With a year's experience working in a public hospital purchasing office I found (without searching) many critical security flaws in the processes. For example, the European Procurement Announcement agency regularly sends catalogs of EU-wide procurements in CD's that require Windows and autorun to function. The CD would start a web server off the disk and launch Internet Explorer to interface with the server. In other words, we regularly executed programs from CD's we got by mail in a very simple (and easy to replicate) packaging, on the same computers we use to make very expensive purchases (believe me, hospital equipment isn't cheap).

  • by Anonymous Coward on Friday September 17, 2010 @05:47AM (#33609112)
    Yes, exactly! Cyberdyne Systems is a Good Company [notarealthing.com]!
  • Lazy Fat People..... (Score:1, Interesting)

    by emh203 (815620) on Friday September 17, 2010 @05:49AM (#33609128)
    Not to sound to cruel, but I see this being overused more by people who are simply lazy. Every time to goto a store, I see overweight folks using the electric karts to scoot them selves around so they can fill their baskets with oreos and ice cream... That and old people..... I always tell people I am "pro death panel". We simple can't afford to keep pumping cash into machines such as this to keep 90 year people moving around.
  • by Anti Cheat (1749344) on Friday September 17, 2010 @07:39AM (#33609742)

    As a person with some mobility issues due to nerve damage, I can certainly see myself using such a device as this. After watching the selected movies of it in action, I could visualize how the forces that this machine exerts, would assist cases like mine. I have difficulty controlling my legs. I know this machine doesn't actually make the decisions about muscle control, but it still would help a segment of people with some nerve damage that affects the force and feedback required for steady motion. If some of the forces required to walk were reduced with an aid, then control would be improved. You see, as you exert more force you become more unstable because the nerves to fire the muscles aren't firing strong enough, no do they react or give feedback the same way, as those loads increase. Lighter loads are easier. Remove some of that muscular force required to stand and walk and you would become more stable. It's not just about simply removing dead weight from the legs. With this I would focus less about how hard I need to exert those forces and far more on the control for balance and movement if half the strength needed was removed. It would make a big improvement to stability control. That makes a huge difference for people with some level of nerve damage in getting around safely without stumbling etc. I don't think most people see it this way when they look at this device in action. It's not all about strength.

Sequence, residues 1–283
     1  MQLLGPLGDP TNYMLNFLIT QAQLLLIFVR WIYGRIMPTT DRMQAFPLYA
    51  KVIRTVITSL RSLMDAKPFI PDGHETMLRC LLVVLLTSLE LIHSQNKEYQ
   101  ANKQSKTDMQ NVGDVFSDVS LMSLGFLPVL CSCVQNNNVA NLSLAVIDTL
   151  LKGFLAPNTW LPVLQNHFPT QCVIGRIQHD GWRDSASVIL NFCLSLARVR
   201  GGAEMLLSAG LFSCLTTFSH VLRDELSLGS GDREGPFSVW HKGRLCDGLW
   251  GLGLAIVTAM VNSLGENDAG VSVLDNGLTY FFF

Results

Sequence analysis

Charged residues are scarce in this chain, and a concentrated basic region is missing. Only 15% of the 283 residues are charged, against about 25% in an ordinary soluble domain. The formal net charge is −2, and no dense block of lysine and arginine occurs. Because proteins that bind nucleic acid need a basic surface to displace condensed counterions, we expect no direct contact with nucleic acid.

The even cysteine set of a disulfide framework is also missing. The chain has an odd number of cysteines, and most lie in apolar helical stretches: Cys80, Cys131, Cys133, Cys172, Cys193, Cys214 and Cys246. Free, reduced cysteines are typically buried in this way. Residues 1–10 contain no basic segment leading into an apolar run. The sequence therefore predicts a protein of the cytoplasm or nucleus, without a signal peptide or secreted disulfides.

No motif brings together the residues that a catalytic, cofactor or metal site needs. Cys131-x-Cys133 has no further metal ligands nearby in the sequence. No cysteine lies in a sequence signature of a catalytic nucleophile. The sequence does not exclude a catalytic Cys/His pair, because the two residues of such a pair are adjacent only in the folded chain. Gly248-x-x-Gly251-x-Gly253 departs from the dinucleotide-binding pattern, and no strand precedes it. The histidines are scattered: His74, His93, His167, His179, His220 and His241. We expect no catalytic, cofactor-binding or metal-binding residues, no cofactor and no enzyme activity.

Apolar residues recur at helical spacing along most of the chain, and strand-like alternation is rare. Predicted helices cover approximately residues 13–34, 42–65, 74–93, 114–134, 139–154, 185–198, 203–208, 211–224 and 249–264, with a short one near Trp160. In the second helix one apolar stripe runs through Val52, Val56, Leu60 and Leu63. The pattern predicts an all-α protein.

• by shadowfaxcrx (1736978) on Friday September 17, 2010 @03:20PM (#33614720)

    That's just not going to happen. You can get a Segway for a few grand. My dad was in power wheelchairs for the last 12 years of his life. His last two cost $25,000. Each. These exoskeletons will be a lot more. No one is going to buy them just because "They're cool." Insurance companies are going to buy them for people who actually need them.